Ireland currently holds the EU presidency. This brings a lot of influence and control of agendas. True, France is also interested in beef and cheese exports. The EU concern is keeping Canadian meat products out. The Irish Farmers’ Association claims that imports of Canadian pigmeat could put Irish farmers out of business. EU imports of pork from the world are one-fifth of one per cent of pork consumption. Irish intransigence and resistance must be countered in the context of this debate.
Europe has had difficulties concluding other deals where agriculture has been a sticking point. Take, for example, EU negotiations with Mercosur, which was comatose for 6 years and after relaunch has still been very slow to get down to market access negotiations. Nearly half of Mercosur exports to the EU are agricultural products, and the hiatus was due to Europe’s unwillingness to further liberalize farm trade.
European farm interests have already made clear that they do not want U.S. beef. They have also lobbied against increased imports of dairy products which benefit from subsidies. U.S. beef does not enjoy anywhere near the state support provided in Europe.
U.S. dairy farmers have not, in most years this century, recovered their cost of production on milk used for processing. This pricing provides a benefit to processors who receive milk at less than full cost of production.
European dairy producers have their own form of supply management, and imports of dairy products are limited to about 2.7 per cent of consumption. Milk production is heavily subsidized. These differences over dairy negotiations between the EU and the U.S. will not be easily resolved.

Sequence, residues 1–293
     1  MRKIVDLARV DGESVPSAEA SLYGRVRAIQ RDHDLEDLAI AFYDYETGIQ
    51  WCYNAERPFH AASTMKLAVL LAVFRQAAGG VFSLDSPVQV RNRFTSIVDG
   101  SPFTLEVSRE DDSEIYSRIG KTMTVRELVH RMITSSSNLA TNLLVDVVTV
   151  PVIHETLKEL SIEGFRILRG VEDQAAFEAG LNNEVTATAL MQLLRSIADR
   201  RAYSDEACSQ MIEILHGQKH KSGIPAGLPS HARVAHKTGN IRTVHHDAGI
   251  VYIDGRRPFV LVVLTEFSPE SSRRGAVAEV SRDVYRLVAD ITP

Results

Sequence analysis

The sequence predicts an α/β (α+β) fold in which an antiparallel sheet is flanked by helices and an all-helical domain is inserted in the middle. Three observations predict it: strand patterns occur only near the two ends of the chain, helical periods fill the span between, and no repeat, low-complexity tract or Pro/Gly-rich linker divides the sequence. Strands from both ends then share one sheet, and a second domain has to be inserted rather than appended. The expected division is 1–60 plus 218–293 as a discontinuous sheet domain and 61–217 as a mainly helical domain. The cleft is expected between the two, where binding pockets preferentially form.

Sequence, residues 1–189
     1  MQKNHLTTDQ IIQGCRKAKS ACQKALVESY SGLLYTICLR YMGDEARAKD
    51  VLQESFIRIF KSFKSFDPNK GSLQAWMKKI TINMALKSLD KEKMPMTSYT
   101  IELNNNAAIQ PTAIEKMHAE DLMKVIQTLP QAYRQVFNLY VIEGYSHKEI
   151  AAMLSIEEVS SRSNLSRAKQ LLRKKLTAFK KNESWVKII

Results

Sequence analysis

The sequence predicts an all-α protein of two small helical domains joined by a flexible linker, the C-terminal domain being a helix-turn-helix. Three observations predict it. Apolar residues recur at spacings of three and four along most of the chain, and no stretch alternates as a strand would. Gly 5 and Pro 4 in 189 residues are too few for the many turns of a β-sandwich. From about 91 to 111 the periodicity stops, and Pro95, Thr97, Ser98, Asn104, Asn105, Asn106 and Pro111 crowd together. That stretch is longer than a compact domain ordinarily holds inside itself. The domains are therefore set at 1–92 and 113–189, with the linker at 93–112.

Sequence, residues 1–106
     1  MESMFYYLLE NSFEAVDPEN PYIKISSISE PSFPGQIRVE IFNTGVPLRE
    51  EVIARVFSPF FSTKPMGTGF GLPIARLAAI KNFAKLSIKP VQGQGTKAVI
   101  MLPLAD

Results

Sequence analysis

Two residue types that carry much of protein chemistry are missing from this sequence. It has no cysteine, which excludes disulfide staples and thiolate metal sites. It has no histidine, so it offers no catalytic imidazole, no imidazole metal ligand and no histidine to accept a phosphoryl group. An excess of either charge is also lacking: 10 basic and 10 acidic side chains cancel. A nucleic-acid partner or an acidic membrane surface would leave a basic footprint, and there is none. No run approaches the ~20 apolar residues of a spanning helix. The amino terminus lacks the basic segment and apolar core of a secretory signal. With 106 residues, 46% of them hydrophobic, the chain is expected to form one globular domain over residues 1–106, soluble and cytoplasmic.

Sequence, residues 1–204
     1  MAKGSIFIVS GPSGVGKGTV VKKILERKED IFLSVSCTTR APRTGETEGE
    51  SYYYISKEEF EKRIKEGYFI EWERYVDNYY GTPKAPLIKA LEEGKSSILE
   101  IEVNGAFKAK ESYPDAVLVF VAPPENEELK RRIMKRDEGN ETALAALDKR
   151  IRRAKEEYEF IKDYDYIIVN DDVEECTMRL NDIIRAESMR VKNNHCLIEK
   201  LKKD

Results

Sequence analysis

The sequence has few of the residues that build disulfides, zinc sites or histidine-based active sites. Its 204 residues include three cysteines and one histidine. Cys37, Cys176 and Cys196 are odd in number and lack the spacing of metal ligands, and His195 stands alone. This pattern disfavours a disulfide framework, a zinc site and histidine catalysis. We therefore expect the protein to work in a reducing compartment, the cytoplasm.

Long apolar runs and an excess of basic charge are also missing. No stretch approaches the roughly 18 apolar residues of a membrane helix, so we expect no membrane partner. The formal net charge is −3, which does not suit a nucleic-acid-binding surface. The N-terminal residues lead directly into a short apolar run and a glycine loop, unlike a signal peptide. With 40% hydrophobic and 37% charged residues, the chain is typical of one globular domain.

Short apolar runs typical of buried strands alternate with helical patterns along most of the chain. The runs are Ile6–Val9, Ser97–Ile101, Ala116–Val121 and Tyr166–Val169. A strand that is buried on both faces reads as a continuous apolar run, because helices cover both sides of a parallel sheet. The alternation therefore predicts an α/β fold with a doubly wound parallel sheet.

Is CETA about to collapse?
CETA is clearly not on a fast track. The negotiations are not totally paralyzed, but in key areas it is moving very slowly. Concluding the deal will require leadership. Does this mean that Prime Minster Harper needs to sit down with his European counterparts? Not necessarily, but all leaders will need to send a clear signal to the negotiators that a deal must be done and that they should focus their ability on salvaging whatever is possible on the disputed issues. But it seems clear the time is not ripe. Both sides need to compromise.
We should not ignore the fact that the EU has begun “comprehensive” trade and economic negotiations with Japan and hopes to start the TTIP negotiations with the U.S. in July.
This increases frustration in Brussels about delays in negotiations which they believed would be over. Steve Verheul, Canada’s chief trade negotiator for CETA, cannot meet with his EU counterpart when he is in Japan or receiving Japanese delegations in Brussels.
CETA appears to be in a survival mode and may soon move into a salvage mode. At the end of 2012, I had optimistically predicted a March 2013 conclusion for CETA. So much for that. EU representatives now suggest that it may conclude this summer. I have no reason to dispute this.
For those anxious to see CETA done and who recognize its importance, a wrap-up by early summer would be most welcome.
Focusing on artificial deadlines is like chasing black flies. But no one will venture any guesses about deadlines and the chances of meeting them. The deal will be done when it is done and we will all wake up to a pleasant and unexpected surprise.
Is the CETA too big to fail? I do not believe it will come to this. The deal is just around the corner — but these are long blocks and it is not clear which corner. Don’t count on size to save the deal, but it makes it much more difficult to abandon. The stumbling blocks could be rather small in terms of the total package, but there is always a danger that symbolic concerns will trump pragmatism and there will always be politically sensitive exclusions.
The negotiations are not as hopelessly deadlocked as some pundits believe. And missing deadlines is not all that serious. What matters is quality. And a quality agreement takes time.
Peter Clark, a former Canadian trade negotiator, is president of Grey, Clark, Shih
and Associates Ltd., an Ottawa-based international trade consultancy. He is a
frequent media commentator and appears regularly before Parliamentary Committees,
analyzing trade and commercial policy issues.